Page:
When something is funny, smiling happens naturally. We also smile when our stress, tension, and fear disappear. Then our face becomes calm and peaceful, and we smile with our hearts without showing our teeth. That is the kind of smile the Buddha had all the time.

As we gain experience with mindfulness of breathing, we gradually overcome sleepiness, restlessness, and other obstacles to concentration. As our concentration deepens, we begin to smile with our hearts. It’s not hard to understand why this happens. As we have seen, the breath is part of the body. When we relax the breath, the body becomes relaxed. The breath is free from greed, hatred, delusion, and fear. When the mind joins with the breath, the mind temporarily becomes free from greed, hatred, delusion, and fear. Relaxing the breath, breathe in. Relaxing the breath, breathe out. Then joy arises naturally.

With every small step of meditation, you gain a small degree of insight. Do your practice with patience. Don’t rush. Let the insights unfold. Consider the analogy of an impatient hen who lays a few eggs. She wants to see chicks coming out of them quickly, so she turns them 26over very often to check. But she will never see chicks coming out of these eggs. Another hen lays a few eggs and sits on them patiently. When the eggs are properly hatched, the chicks break the eggshells with their little claws and bills. Then this mother hen sees good feathery results!


images  Go to a quiet place where you will be alone and not disturbed.

images  Bring your attention to the present moment.

images  Sit in a comfortable posture that allows your upper body to be straight and relaxed, upright but not uptight.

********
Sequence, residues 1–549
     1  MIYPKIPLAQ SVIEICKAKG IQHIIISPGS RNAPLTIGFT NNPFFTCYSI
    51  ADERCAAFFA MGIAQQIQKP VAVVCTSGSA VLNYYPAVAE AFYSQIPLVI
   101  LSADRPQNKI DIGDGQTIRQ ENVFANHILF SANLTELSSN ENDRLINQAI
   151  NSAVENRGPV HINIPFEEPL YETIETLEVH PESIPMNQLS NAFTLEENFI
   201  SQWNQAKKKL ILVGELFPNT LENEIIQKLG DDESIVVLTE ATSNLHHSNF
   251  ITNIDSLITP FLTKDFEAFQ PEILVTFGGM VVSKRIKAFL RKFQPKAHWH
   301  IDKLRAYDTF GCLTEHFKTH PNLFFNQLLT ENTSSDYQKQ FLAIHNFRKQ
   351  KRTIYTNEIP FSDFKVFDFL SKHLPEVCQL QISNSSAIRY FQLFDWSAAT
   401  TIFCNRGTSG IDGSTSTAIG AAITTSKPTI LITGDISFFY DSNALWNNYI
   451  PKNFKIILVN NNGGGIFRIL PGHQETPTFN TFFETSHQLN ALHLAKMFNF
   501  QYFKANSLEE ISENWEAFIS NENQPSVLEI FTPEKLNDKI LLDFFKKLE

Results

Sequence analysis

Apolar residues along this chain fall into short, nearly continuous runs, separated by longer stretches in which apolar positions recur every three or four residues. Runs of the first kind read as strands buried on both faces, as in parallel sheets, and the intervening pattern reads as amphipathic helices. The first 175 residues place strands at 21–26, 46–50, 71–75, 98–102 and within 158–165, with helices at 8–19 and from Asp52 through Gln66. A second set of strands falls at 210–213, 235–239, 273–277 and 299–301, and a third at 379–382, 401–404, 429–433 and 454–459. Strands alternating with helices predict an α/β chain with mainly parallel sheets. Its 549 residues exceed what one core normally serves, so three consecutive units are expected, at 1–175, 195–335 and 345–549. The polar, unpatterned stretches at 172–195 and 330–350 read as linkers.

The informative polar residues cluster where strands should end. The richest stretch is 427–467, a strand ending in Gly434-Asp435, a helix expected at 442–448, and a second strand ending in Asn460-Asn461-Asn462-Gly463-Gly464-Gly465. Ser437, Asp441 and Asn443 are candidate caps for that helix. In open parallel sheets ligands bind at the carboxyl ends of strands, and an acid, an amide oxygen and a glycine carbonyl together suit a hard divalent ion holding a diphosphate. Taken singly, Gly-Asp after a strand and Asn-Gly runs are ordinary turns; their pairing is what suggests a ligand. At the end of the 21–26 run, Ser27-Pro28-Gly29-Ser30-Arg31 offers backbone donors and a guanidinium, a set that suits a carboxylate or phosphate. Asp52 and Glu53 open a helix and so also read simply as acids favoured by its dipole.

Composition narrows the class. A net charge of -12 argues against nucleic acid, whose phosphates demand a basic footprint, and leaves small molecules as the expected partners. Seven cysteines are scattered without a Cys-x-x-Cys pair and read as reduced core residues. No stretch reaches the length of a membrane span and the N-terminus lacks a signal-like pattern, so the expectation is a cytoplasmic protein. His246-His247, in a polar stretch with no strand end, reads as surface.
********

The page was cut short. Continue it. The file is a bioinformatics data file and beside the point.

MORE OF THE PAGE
images  Place your hands on the lap, palms upward, with the right hand on top of the left and the thumbs touching at the tips.

images  Close your eyes or leave them half-open.

images  Focus your attention on the breath, coming in and going out.

images  To deepen your mindfulness, try counting:

Inhale and exhale. Say silently “one.”

Inhale and exhale. Say silently “two.”

Inhale and exhale. Say silently “three.”

Continue up to ten.

Inhale and exhale. Say silently “ten.”

Inhale and exhale. Say silently “nine.”

Inhale and exhale. Say silently “eight.”

Continue down to one.


images  When you complete this round of counting, settle on your primary object—breath, feeling, thought, rising and falling, or consciousness.

images  If restlessness, agitation, or doubt occurs, don’t intensify the distraction by following it. Instead, say to your self, “Let me think how I started. I started from my breath. It is not difficult to find my breath.” Breathe several times quickly and return your attention to the breath and its natural pace.

images  If your mind wanders from its focus on the breath, don’t get upset. Simply noticing that you have been thinking, daydreaming, or worrying is a wonderful achievement! Gently but firmly return your attention to the breath. And then do it again the next time, and the next time, and the time after that.

images  If you feel sleepy or dull, try focusing with slightly more effort on the touch sensations of the in-breath and out-breath. If stronger focus does not help, stand up and continue meditating in a standing posture for a few minutes or try walking meditation. You’ll find instructions for both postures in the next chapter.

images  If you begin to feel pain, first try to address the situation as much as possible. Loosen your clothing and check your posture to make sure that you are not slouching. Move to a posture that’s easier to maintain (as described in the next chapter). If these adjustments do not help, then work with the pain: try making the sensation of pain your object of meditation. Observe the sensation and watch how it changes over time.

images  If questions arise, ask someone with more experience. Remind yourself that millions of people have used this practice to attain clarity and peace of mind.

images  Keep practicing with patience.